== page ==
CSG Law Alert: Law Firm’s Arbitration Clause Contained in a Retainer Agreement is Unenforceable as it Violates RPCs

The Appellate Division recently ruled that a retainer agreement which contained a mandatory arbitration clause, for both fee disputes and legal malpractice claims, is unenforceable against the firm’s former client, under the circumstances. Delaney v. Trent S. Dickey and Sills Cummis & Gross, PC, Docket No. A-1726-17T4, decided August 23, 2019.

Appellant Delaney sought the services of Sills in a business dispute with limited liability company partners. He was apparently dissatisfied with his original attorney and retained Sills. He signed a three-page retainer agreement which briefly summarized the scope of the representation.

The retainer agreement stated in the last paragraph that disputes between the client and the firm would be resolved through Arbitration “in accordance with the provisions set forth in Attachment 1 to this retainer letter.” The thirty-three-page attachment (JAMS rules) was not provided to the client.

An attorney at Sills stated he provided the client with the Agreement and watched him sign it, and that the client (who was a sophisticated businessman), did not ask any questions.

The client stated that the attorney did not explain the agreement and did not explain the arbitration process outlined in the attachment which had not been given to him. The client stated if he had been told the costs of arbitration would greatly exceed the cost of filing in Superior Court and that fees and costs could be shifted against him, he never would have signed the agreement.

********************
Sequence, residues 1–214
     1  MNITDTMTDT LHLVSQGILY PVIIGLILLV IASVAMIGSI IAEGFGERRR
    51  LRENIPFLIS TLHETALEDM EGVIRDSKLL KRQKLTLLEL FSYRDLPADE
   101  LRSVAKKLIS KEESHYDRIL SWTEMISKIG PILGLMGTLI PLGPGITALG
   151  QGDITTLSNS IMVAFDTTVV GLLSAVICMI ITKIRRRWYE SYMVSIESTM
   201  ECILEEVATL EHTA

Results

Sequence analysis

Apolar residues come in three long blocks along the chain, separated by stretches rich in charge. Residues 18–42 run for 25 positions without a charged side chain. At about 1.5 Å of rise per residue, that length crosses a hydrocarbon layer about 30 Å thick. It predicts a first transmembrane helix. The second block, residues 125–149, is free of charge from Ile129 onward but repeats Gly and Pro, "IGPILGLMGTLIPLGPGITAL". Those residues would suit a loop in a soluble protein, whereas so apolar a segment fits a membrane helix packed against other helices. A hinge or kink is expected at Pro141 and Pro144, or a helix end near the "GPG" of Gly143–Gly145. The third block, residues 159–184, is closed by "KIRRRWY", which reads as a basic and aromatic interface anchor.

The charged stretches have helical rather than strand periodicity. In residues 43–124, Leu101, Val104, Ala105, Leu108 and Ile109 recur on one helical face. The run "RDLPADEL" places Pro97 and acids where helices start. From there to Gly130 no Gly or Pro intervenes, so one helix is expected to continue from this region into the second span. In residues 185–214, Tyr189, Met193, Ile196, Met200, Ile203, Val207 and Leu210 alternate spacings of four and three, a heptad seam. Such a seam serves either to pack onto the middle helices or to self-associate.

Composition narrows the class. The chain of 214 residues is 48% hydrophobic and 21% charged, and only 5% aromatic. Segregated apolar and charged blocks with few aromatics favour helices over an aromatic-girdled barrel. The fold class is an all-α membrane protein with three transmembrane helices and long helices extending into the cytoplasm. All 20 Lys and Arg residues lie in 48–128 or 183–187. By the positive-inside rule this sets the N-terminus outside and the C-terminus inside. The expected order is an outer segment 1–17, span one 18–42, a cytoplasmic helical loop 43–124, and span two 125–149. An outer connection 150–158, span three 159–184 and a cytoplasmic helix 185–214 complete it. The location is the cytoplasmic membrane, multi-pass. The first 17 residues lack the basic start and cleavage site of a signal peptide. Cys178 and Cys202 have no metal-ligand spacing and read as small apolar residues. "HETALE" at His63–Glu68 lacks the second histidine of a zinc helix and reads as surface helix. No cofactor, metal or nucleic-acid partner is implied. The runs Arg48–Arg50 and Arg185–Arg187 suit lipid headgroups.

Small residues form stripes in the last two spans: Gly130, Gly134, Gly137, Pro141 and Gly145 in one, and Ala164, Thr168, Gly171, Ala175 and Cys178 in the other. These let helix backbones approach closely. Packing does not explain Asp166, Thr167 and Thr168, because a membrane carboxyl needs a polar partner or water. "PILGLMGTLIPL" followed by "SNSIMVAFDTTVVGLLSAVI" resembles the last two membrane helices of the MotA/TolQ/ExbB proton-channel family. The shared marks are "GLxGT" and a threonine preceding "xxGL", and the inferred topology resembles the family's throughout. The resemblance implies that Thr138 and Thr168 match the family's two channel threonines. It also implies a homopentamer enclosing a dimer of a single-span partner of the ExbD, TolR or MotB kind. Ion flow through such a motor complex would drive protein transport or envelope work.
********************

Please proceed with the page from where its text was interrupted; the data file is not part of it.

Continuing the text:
The trial court held the retainer agreement was enforceable, both as to the fee and the related malpractice action.

The Appellate Division reversed the trial court and held that the terms of an Agreement that violate the RPCs are unenforceable. Specifically, the agreement and conduct surrounding the signing violated RPC 1.4(c), since the matter in question was not explained to the client to the extent necessary “to permit the client to make informed decisions regarding the representation”. Specifically, the client was not told an estimate of the costs associated with arbitration, since the JAMS material was not provided.

Additionally, the JAMS rules limit substantive discovery, another fact not revealed or explained to the client. Finally, the Court held that the retainer agreement violated RPC 1.8(h)(1), which prohibits a lawyer from making an agreement with a client to prospectively limit the client from filing a legal malpractice claim.

The Appellate Division described its ruling as narrow: when a firm provides a retainer agreement to a client but omits the attached terms and does not explain them to a client, it runs afoul of the RPCs and the agreement is void.

Firms should review their retainer agreements and procedures for explaining terms to a prospective client, including the possible need for suggesting independent counsel to review terms for the client.